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Lost At Sea

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Lost at Sea

The Flight of 121804.

Have you seen my payload? It was last seen leaving the ground at 11:15 CST near Somerville, AL, with the callsign of N4TXI-11.

Below can be seen the last known position for my payload at 20:39 EST, on December 18, 2004. Over 626 miles from its launch site, the balloon was still floating at 103,000ft. in a jet stream blowing 110mph due East out to sea (or is that out to ocean?) Since it was night (no UV radiation to deteriorate the balloon) and the balloon was showing no signs of falling, it is entirely possible that the balloon continued floating all night long. At sunrise, it would have been over one thousand miles off the US coast - it might have even gone to Bermuda! We'll see how well my reward sticker holds up in saltwater, eh?

Here is a plot of the altitude verses time during the flight. Note the drop in altitude when the sun set and the balloon lost a little lift. It had just enough buoyancy left to settle out around 103kft.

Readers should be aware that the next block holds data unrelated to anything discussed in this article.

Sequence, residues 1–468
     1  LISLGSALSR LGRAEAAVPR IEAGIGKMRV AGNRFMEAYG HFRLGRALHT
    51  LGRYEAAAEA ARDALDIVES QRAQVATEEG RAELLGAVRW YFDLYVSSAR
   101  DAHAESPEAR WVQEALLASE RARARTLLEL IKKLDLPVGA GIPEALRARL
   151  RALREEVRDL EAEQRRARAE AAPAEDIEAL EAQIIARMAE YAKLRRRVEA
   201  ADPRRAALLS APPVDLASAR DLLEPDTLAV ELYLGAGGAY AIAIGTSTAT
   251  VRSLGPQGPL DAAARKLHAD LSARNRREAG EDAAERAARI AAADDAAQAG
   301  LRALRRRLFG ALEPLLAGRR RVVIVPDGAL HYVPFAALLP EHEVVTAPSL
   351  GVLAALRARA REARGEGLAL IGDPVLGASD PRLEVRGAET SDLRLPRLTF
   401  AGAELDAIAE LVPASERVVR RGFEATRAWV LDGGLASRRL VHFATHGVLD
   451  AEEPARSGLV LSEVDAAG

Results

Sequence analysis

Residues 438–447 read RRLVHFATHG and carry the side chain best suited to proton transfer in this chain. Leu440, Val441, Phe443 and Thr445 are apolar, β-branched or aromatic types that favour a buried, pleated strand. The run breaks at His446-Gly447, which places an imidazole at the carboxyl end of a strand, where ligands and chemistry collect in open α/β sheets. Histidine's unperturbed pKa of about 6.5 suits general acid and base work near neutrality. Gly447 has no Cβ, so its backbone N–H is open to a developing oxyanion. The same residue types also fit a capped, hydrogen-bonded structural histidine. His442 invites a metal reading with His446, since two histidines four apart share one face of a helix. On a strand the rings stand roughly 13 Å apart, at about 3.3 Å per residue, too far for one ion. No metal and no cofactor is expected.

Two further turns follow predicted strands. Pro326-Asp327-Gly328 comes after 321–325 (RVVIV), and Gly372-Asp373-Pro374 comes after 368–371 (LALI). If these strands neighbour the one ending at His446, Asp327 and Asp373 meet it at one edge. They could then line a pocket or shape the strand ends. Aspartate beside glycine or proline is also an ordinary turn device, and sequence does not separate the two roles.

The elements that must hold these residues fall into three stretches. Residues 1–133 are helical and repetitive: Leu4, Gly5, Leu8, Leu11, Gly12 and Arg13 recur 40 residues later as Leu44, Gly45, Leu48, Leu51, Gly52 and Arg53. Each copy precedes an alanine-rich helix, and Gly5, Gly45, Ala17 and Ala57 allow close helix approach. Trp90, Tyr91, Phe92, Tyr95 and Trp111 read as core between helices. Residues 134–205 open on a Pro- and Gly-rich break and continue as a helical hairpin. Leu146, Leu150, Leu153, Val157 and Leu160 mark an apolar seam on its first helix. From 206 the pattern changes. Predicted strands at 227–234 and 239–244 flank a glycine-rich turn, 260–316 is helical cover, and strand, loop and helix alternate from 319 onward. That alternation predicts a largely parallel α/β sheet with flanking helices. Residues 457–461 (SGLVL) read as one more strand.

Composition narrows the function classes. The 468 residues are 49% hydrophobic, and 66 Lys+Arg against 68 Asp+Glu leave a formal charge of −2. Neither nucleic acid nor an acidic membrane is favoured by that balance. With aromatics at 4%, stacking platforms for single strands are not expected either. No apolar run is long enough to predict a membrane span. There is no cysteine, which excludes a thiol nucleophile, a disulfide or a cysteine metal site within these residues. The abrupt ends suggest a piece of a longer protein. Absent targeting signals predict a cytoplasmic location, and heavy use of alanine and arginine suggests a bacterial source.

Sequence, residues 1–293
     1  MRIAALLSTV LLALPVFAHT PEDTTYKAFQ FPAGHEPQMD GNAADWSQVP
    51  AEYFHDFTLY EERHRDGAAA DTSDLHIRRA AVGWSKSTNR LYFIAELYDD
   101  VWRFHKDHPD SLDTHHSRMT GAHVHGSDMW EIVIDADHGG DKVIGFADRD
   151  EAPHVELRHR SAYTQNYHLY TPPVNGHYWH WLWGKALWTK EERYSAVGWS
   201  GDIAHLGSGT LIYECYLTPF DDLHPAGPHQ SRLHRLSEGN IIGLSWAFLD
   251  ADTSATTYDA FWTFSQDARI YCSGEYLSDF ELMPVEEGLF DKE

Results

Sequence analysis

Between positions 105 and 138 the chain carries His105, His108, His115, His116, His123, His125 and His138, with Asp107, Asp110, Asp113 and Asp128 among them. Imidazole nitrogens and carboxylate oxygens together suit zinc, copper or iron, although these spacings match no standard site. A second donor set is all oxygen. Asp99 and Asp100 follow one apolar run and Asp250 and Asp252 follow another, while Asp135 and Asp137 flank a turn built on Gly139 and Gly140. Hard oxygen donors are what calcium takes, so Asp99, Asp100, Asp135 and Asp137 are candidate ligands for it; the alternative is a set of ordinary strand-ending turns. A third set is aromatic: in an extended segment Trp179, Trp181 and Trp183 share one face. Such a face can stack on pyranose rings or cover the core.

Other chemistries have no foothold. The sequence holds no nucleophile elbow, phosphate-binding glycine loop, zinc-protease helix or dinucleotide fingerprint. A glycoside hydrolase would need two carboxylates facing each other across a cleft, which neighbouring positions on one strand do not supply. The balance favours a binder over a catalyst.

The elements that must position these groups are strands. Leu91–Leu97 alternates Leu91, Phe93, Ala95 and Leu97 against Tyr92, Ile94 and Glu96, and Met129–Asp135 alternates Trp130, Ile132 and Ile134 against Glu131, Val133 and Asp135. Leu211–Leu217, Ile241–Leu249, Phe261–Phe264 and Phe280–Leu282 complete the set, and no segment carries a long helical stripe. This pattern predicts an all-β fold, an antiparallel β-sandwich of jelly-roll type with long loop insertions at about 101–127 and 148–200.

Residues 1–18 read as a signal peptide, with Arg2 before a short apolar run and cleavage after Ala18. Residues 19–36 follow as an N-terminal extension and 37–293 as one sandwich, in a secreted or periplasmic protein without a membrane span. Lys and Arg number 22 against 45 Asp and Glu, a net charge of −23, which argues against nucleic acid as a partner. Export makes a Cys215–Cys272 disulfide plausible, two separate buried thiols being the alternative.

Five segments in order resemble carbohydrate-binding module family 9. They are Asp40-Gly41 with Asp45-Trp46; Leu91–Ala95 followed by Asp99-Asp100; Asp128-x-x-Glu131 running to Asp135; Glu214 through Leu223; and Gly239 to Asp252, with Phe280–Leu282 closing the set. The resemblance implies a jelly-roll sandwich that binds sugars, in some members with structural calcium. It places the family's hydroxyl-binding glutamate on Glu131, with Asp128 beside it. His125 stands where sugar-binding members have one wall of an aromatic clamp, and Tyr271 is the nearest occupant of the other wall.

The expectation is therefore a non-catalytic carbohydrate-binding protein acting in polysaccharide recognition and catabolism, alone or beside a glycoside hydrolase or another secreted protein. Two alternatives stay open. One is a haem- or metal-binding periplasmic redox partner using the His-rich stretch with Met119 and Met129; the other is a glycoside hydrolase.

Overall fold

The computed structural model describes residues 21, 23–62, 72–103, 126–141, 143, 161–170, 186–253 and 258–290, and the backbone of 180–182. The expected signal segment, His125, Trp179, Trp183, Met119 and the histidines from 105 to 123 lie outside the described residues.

Confirming the setting of the sun, here is a plot of the internal temperature of the payload. I wasn't aware how much solar radiation played in maintaining heat in the Styrofoam enclosure, but now I know. Note how the temperature plummeted after sunset! My temperature sensor saturates above -40 degrees, which is why the plot asymptotically approaches that value. I'm certain it was much colder - I just wasn't equipped to measure that cold.

Finally, here is a plot showing why the payload finally stopped updating. It was a race between the battery Voltage dropping and the balloon leaving the coast. The battery voltage took a turn for the worse as they got very cold, and the radio stopped transmitting at a pack voltage of 3.2 Volts. By then, the batteries were pretty far gone. While I wish it could have run longer, I'm thankful that the payload was able to report a couple times after it was over the ocean.

Here is a picture of the payload with the package open before extra insulation was stuffed inside:

And here's one of the last times the payload was visually spotted, hehe: